Greece Tightens COVID-19 Controls: Theaters, Movies, Parks Closed

March 13, 2020

ATHENS – With once-busy streets in Greece’s capital showing less foot traffic and the New Democracy government advising people not to even go out for coffee, more measures to contain the spread of the COVID-19 Coronavirus were put in place, including the two-week closure of theaters, courthouses, cinemas, gyms, playgrounds and clubs.

With 117 cases and one death so far, the government stepped up its scheme to hold down the virus, with more still in reserve, including closing down public gathering places with sports also sidelined and anxiety ramping up it could get worse.

The government was also trying to assess the possibly catastrophic economic damage if tourism takes a major hit after the United States banned people from 26 European countries and Americans advised to reconsider travel plans.

The containment plan, called Artemis, includes the likely opening of two new operational centers coordinated by the General Secretariat for Civil Protection, with a third in the process of being set up to have a supervisory role, said Kathimerini.

The crisis management mechanism will be implemented by the Attica Police Headquarters (GADA), the Fire Brigade Coordination Center and the Greek Police (ELAS) and a pool of 150 specially trained officers will staff GADA to track people who were in contact with confirmed cases and taking quarantine measures.

That was done as a Supreme Court prosecutor said anyone required to be in self-isolation in their homes who violates that and goes out into the public will be prosecuted in a criminal case because of the potential health hazard.

At the Fire Brigade Coordination Center, 70 officers who have attended a special training program in recent weeks will provide instructions for quarantine compliance and, baked on where the cases occur, the General Secretariat for Civil Protection will be able to launch plans to establish – if needed – outdoor or floating hospitals in areas where patients exceed the capacity of intensive care units at hospitals around the country.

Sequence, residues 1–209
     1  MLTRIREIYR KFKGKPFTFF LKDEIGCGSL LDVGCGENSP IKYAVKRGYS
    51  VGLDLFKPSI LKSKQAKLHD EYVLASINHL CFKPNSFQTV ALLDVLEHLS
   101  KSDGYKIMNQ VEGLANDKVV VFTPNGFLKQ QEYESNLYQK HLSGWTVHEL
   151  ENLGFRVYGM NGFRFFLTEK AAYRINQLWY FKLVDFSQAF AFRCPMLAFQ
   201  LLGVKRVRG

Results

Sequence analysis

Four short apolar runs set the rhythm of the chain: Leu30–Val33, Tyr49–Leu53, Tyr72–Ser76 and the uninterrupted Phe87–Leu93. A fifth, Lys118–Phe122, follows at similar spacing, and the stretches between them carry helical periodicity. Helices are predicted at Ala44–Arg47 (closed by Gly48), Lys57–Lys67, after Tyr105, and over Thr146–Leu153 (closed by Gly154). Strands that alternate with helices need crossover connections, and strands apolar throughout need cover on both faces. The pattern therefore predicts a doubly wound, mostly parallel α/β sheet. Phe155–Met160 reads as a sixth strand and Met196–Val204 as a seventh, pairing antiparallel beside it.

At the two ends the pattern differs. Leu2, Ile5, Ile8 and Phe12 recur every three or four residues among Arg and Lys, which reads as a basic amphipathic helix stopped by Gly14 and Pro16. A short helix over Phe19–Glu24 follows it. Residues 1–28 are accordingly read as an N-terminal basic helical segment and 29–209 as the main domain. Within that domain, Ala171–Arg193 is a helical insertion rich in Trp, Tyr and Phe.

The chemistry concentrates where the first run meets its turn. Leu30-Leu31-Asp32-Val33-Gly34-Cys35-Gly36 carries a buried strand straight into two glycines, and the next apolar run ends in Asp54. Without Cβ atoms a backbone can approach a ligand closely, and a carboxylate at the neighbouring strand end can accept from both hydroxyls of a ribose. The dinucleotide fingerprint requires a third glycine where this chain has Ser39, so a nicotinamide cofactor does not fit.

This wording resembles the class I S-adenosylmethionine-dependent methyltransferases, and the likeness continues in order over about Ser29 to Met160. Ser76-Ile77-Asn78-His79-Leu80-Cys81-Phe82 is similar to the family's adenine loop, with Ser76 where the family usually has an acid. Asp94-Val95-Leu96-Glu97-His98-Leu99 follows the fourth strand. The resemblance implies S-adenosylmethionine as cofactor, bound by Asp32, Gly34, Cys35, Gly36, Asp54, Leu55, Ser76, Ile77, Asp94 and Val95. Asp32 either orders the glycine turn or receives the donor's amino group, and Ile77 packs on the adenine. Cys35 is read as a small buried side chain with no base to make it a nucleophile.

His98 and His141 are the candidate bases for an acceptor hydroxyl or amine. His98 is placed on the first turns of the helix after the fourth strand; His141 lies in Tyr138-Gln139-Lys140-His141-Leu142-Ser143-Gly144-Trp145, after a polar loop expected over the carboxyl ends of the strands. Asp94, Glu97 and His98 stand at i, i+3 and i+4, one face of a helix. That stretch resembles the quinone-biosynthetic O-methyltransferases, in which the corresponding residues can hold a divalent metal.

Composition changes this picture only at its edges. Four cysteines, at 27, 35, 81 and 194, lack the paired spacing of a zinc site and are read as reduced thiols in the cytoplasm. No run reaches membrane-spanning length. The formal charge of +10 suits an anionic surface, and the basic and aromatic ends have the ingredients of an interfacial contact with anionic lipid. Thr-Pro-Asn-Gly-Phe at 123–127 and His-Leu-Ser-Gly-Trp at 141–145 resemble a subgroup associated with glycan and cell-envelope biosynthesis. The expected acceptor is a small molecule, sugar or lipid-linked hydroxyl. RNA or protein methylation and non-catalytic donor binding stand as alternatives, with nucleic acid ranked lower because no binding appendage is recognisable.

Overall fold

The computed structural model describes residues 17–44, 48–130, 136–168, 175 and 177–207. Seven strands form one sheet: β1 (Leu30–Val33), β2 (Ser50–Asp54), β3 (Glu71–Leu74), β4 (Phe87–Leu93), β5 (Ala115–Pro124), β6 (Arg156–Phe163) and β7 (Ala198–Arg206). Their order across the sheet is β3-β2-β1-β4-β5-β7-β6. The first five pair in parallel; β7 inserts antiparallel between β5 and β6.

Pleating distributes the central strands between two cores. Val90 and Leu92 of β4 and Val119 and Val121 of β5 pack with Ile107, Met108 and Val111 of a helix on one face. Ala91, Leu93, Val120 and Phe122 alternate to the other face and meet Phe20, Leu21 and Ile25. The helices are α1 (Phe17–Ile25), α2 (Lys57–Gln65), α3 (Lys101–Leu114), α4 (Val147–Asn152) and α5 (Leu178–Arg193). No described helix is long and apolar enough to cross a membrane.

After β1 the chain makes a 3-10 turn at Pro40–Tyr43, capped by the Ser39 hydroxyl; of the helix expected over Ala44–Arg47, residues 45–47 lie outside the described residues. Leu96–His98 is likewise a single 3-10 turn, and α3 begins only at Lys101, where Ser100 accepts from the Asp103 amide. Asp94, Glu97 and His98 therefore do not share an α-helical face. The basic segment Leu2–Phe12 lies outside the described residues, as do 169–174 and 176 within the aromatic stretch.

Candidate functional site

Prime Minister Kyriakos Mitsotakis told his ministers to come up with a plan to deal with the economic fallout that is already undercutting a slow recovery from a near decade-long crisis that required 326 billion euros ($364.05 billion) to stave off potential disaster.

Businesses hurt by the virus – those in Italy, the hardest-hit country in the European Union, were required to close – could get some government help which could further cut into revenue reserves and affect other social measures.

After confirmation of the first death, – a 66-year-old man who was infected during a religious pilgrimage to Egypt and Israel last month – government spokesman Stelios Petsas said that “the biggest challenge still lies ahead, and there will be large numbers of vulnerable and elderly people needing to be treated in intensive care.”


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